With the help of modern production techniques, highly advanced transportation systems, transnational corporations, outsourcing of manufacturing and services, and rapid industrialization, the international trade system is growing and spreading very fast.
International trade among different countries is not a new a concept. History suggests that in the past there where several instances of international trade. Traders used to transport silk, and spices through the Silk Route in the 14th and 15th century. In the 1700s fast sailing ships called Clippers, with special crew, used to transport tea from China, and spices from Dutch East Indies to different European countries.
The economic, political, and social significance of international trade has been theorized in the Industrial Age. The rise in the international trade is essential for the growth of globalization. The restrictions to international trade would limit the nations to the services and goods produced within its territories, and they would lose out on the valuable revenue from the global trade.
The benefits of international trade have been the major drivers of growth for the last half of the 20th century. Nations with strong international trade have become prosperous and have the power to control the world economy. The global trade can become one of the major contributors to the reduction of poverty.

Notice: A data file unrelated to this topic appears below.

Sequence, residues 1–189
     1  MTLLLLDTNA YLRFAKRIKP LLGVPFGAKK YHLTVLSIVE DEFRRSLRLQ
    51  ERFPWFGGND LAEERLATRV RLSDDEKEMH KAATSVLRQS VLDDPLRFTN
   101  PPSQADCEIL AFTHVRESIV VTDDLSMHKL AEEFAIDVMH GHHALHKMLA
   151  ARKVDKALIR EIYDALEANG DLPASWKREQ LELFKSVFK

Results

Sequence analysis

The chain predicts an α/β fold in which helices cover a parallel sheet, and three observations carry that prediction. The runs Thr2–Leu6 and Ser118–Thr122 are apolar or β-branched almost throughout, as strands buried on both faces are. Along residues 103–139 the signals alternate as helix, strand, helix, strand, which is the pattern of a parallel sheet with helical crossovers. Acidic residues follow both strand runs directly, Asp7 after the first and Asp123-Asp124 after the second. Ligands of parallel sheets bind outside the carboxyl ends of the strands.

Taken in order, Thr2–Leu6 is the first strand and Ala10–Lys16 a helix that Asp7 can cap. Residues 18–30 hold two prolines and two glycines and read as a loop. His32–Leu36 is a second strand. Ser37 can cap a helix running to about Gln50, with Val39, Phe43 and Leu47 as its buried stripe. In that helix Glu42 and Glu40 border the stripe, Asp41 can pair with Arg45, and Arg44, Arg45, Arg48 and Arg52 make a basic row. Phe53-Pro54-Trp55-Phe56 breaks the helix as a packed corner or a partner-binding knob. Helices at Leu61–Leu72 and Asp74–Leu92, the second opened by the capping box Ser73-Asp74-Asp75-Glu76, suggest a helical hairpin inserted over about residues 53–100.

David Ricardo, a classical economist, in his principle of comparative advantage explained how trade can benefit all parties such as individuals, companies, and countries involved in it, as long as goods are produced with different relative costs. The net benefits from such activity are called gains from trade. This is one of the most important concepts in international trade.
Adam Smith, another classical economist, with the use of principle of absolute advantage demonstrated that a country could benefit from trade, if it has the least absolute cost of production of goods, i.e. per unit input yields a higher volume of output.
According to the principle of comparative advantage, benefits of trade are dependent on the opportunity cost of production. The opportunity cost of production of goods is the amount of production of one good reduced, to increase production of another good by one unit. A country with no absolute advantage in any product, i.e. the country is not the most competent producer for any goods, can still be benefited from focusing on export of goods for which it has the least opportunity cost of production.